Therefore, under that vague and subjective reasoning, racial disparities—and especially, racial perceptions—are the basis for identifying systemic racism. That, however, presents several logical and theological problems.

Under that definition, black people—not God—are the authority on what constitutes as racism or systemic racism. This is why Voddie Baucham defines social justice ideology or systemic racism theory as ethnic Gnosticism.

We Christians shouldn’t abandon objective, biblical theology to embrace subjective, worldly philosophies.
Systemic racism isn’t whatever I—as a black man—says it is. My perceptions are not proof. My experiences are not authoritative. I am not God.

We Christians shouldn’t abandon objective, biblical theology to embrace subjective, worldly philosophies. We need to remember what the Bible says about racism. We need to understand racism within its biblical category: partiality.

Therefore, if we’re going to accuse our governments of participating in systemic racism today, we should be able to list examples of systemic partiality against black people today. Otherwise, we’re guilty of dishonouring our governments and bearing false witness against them.

Social justice proponents are unable to list racist laws or policies to support their accusations, so they usually resort to perceptions and racial disparities as evidence for their accusations.

However, last year, I explained racial disparities between white people and black people are mostly a result of disparities concerning fatherlessness between white people and black people, not systemic racism. Nevertheless, Christians who embrace racial perceptions and racial disparities as evidence of systemic racism have set a destructive precedent for local churches.

It’s not accidental that evangelical social justice proponents are increasingly accusing local churches of complicity in systemic racism. By that standard for systemic racism, racial disparities and perceptions of racism by black Christians in local churches is evidence of systemic racism within local churches by white pastors and white church members.

Frankly, that standard for systemic racism is lazy and sinful reasoning. It lays the burden of proof on the accused, not the accuser. Systemic racism theory essentially demands groups to prove they’re not systemically racist—instead of demanding social justice proponents to prove the legitimacy of their accusations.

It’s shameful that so many otherwise reasonable people have accepted systemic racism fallacy as fact. How could a supposedly systemically racist nation like America elect a black person—twice—as its president? If America is systemically racist, wouldn’t that make Barack Obama complicit in racist oppression against black Americans? If racial disparities between white Americans and black Americans are a consequence of systemic racism against black people, how do we explain African immigrants to America experiencing similar socio-economic standings to white people?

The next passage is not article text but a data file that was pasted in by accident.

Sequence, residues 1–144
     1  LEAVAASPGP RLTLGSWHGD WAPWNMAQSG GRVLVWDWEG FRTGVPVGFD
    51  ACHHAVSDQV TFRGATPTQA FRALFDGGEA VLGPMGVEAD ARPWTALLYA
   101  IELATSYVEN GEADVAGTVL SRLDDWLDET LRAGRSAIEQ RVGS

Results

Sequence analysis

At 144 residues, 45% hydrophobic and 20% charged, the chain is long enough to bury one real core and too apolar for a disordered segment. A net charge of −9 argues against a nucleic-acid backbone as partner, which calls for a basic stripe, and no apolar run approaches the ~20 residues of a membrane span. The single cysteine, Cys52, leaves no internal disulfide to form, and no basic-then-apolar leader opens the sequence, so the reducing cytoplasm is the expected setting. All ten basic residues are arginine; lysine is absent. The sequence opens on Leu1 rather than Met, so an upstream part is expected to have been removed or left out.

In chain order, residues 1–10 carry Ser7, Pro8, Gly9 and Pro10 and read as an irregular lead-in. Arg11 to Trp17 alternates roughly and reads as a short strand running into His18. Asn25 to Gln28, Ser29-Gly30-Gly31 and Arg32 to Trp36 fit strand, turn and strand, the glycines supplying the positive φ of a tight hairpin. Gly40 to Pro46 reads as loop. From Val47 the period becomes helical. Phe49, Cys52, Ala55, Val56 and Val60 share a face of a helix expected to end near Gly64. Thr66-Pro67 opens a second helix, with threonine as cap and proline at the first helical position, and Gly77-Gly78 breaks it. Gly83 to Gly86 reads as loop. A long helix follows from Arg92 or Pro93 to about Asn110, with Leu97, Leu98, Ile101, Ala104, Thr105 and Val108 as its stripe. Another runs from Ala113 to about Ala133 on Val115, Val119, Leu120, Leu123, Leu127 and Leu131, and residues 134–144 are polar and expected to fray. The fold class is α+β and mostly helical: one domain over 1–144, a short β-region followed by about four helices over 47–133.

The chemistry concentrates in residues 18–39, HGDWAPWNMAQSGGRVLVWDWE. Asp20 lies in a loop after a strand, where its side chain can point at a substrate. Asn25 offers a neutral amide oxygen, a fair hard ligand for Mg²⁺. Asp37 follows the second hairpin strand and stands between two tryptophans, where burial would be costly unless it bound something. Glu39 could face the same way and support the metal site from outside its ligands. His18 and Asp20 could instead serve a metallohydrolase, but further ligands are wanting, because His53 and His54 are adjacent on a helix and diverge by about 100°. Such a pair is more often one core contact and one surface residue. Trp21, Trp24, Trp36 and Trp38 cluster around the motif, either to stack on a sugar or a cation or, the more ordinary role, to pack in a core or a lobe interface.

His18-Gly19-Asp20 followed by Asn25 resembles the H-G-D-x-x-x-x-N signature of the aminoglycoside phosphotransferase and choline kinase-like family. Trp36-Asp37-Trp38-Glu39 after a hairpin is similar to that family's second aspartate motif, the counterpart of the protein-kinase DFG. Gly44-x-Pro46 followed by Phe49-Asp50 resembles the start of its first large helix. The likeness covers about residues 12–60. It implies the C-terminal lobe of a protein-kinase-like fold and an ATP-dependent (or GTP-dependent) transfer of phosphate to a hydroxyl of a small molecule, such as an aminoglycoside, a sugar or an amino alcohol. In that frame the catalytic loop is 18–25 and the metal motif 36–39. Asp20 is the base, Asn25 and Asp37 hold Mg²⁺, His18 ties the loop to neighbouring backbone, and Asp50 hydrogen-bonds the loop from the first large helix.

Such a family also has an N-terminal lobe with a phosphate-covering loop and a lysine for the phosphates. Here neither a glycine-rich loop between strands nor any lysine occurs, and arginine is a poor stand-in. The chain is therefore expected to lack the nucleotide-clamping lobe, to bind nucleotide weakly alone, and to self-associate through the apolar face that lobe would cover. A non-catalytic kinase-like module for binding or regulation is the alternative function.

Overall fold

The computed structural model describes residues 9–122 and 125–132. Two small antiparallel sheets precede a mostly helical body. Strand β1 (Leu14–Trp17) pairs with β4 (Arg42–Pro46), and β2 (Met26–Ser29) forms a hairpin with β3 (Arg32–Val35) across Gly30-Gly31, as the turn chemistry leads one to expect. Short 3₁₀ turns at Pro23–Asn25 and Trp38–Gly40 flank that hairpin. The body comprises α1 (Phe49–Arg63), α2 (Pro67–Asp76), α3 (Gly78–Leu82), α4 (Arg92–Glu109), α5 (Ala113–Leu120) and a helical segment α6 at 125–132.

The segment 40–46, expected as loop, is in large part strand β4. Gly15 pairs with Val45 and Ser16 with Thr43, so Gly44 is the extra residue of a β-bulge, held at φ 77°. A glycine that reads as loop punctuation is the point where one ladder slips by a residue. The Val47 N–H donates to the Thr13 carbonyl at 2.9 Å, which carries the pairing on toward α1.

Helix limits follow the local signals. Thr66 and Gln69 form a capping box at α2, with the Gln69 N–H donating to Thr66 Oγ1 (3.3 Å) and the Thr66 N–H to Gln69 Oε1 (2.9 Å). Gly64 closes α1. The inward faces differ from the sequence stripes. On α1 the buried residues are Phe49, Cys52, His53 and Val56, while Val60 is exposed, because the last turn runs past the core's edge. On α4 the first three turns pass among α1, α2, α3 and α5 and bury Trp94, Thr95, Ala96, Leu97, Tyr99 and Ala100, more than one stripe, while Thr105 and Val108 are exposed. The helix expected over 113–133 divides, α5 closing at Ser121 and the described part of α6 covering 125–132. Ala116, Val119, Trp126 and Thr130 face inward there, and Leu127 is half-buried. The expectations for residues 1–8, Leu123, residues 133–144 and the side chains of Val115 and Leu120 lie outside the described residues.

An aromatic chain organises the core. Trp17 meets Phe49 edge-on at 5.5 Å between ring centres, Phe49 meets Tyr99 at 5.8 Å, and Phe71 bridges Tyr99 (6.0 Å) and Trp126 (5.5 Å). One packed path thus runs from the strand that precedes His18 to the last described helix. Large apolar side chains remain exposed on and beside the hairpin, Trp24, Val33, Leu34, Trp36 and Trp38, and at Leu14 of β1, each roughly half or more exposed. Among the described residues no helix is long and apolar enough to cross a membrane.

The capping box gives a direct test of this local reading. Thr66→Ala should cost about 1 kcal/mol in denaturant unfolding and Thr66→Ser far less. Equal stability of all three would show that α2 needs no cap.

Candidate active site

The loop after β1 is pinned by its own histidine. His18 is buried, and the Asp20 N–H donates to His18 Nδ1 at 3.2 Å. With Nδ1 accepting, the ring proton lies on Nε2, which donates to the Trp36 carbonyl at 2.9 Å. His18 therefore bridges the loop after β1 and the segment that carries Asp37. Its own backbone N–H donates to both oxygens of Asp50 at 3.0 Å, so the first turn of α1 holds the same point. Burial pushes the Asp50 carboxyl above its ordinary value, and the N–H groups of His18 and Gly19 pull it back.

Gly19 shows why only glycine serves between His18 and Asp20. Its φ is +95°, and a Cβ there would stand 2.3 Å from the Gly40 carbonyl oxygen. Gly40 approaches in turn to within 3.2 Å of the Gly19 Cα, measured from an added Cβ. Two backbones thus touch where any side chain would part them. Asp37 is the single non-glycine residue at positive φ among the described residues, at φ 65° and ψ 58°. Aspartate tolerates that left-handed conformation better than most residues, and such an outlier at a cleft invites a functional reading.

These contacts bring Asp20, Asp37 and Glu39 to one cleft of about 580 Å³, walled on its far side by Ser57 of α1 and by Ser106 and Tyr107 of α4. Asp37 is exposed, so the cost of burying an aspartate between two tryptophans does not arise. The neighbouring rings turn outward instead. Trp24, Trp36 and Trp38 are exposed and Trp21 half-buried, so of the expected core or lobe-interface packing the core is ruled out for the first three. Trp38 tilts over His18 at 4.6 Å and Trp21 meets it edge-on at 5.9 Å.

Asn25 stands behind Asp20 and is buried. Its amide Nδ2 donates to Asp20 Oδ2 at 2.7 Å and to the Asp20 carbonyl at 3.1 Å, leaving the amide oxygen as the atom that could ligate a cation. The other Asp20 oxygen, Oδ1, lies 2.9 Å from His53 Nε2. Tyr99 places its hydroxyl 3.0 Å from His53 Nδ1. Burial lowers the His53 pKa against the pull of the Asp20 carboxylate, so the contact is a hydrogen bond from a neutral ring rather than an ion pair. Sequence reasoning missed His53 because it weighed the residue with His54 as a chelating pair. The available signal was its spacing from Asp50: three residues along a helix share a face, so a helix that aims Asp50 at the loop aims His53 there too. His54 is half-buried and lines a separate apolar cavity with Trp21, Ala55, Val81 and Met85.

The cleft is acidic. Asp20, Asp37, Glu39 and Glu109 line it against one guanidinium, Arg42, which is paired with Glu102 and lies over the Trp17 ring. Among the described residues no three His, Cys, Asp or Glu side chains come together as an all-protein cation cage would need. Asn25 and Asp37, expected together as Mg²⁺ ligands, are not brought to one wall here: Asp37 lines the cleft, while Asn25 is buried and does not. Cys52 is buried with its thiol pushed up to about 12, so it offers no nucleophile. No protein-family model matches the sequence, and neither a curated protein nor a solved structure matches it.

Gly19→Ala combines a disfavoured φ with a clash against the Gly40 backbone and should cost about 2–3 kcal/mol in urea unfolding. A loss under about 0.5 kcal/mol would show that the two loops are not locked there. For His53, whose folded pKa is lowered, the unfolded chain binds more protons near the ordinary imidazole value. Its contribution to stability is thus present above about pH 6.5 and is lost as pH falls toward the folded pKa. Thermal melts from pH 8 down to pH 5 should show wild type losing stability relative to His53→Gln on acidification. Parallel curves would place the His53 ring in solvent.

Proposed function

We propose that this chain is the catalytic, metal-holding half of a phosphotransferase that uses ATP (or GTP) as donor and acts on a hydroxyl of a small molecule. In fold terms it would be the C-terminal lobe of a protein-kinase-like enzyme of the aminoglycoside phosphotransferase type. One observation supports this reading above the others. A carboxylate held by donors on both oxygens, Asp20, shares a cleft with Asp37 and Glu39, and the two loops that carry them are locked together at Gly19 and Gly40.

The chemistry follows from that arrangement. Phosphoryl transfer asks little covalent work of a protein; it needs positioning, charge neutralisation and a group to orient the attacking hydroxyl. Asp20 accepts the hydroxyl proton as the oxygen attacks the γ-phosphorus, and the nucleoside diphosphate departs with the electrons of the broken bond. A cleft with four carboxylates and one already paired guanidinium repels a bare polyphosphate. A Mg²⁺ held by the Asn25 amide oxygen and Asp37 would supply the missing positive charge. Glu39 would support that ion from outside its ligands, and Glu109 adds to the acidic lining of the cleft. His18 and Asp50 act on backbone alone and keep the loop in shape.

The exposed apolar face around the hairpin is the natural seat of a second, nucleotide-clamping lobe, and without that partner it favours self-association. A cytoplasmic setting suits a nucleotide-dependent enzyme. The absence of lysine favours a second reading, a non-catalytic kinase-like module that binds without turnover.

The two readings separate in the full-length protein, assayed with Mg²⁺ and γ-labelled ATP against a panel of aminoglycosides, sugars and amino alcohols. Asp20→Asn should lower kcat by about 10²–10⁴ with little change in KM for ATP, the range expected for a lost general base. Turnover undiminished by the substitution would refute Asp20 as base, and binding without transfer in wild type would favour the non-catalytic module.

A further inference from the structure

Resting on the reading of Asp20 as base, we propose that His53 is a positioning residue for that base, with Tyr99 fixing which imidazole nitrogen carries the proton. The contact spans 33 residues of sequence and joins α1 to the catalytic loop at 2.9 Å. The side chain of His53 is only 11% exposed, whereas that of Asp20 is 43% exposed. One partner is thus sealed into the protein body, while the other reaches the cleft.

And if systemic racism is real—if it isn’t merely a leftist political agenda—why are the only solutions to end racial disparities and supposed systemic racism socialistic?

Nevertheless, remember: there are fundamental differences between the questions over the conflicts of slavery, segregation, and systemic racism.
 
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I said that systemic racism is a lie.
It's, perpetuated by those who want to get votes from people who are weak enough to play victim for the liberal elites who will promise them salvation. :rolleyes:
None of the liberals mean what what they say. What have they actually done for you?
Here's the answer: Zero!
It's a game.
Everything they do is screwing up the USA.
I live here. I know what's going on. Their bull s is around me everyday. None of their crap is improving anything.
It's all going down the toilet, which is probably amusing to those like you, who are living in other countries.

Systemic racism can't actually be proven, so here's the perspective of a black man:

The conflict over slavery was: is it right or wrong? The conflict over segregation was: is it right or wrong? However, the conflict over systemic racism isn’t: is it right or wrong?

The conflict is: does systemic racism exist or not?

That is a fundamentally different question. Americans are not divided over whether systemic racism is right or wrong. They are divided over whether systemic racism exists or not.

It’s crucial to understand that. Failure to understand that distinction is the basis for much of the careless and destructive reactions to George Floyd’s murder.

George Floyd’s murder is a horrific injustice. But it isn’t evidence for systemic racism. In fact, there isn’t any evidence for systemic racism today. Because systemic racism doesn’t exist—not anymore.

That doesn’t mean racism doesn’t exist anymore. Of course, it does. I’ve been racist against other people. And other people have been racist against me. Just like every kind of sin, racism will never end—not until Jesus returns.